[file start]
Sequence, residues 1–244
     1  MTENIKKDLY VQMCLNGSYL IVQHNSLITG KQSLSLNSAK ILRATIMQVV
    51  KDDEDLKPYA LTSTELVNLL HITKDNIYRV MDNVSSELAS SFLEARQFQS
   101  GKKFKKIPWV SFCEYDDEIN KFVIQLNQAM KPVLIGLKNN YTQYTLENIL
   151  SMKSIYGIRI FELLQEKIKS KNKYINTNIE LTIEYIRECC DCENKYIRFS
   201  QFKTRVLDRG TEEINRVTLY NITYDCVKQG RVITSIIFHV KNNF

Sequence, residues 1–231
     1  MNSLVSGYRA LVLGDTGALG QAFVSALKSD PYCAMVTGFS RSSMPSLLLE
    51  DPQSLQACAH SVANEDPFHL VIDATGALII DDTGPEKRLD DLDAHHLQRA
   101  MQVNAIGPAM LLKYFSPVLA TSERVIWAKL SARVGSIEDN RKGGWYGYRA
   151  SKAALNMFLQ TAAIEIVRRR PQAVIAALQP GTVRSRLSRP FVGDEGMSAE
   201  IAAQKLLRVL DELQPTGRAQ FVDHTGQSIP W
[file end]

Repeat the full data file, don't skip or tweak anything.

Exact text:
Sequence, residues 1–244
     1  MTENIKKDLY VQMCLNGSYL IVQHNSLITG KQSLSLNSAK ILRATIMQVV
    51  KDDEDLKPYA LTSTELVNLL HITKDNIYRV MDNVSSELAS SFLEARQFQS
   101  GKKFKKIPWV SFCEYDDEIN KFVIQLNQAM KPVLIGLKNN YTQYTLENIL
   151  SMKSIYGIRI FELLQEKIKS KNKYINTNIE LTIEYIRECC DCENKYIRFS
   201  QFKTRVLDRG TEEINRVTLY NITYDCVKQG RVITSIIFHV KNNF

Sequence, residues 1–231
     1  MNSLVSGYRA LVLGDTGALG QAFVSALKSD PYCAMVTGFS RSSMPSLLLE
    51  DPQSLQACAH SVANEDPFHL VIDATGALII DDTGPEKRLD DLDAHHLQRA
   101  MQVNAIGPAM LLKYFSPVLA TSERVIWAKL SARVGSIEDN RKGGWYGYRA
   151  SKAALNMFLQ TAAIEIVRRR PQAVIAALQP GTVRSRLSRP FVGDEGMSAE
   201  IAAQKLLRVL DELQPTGRAQ FVDHTGQSIP W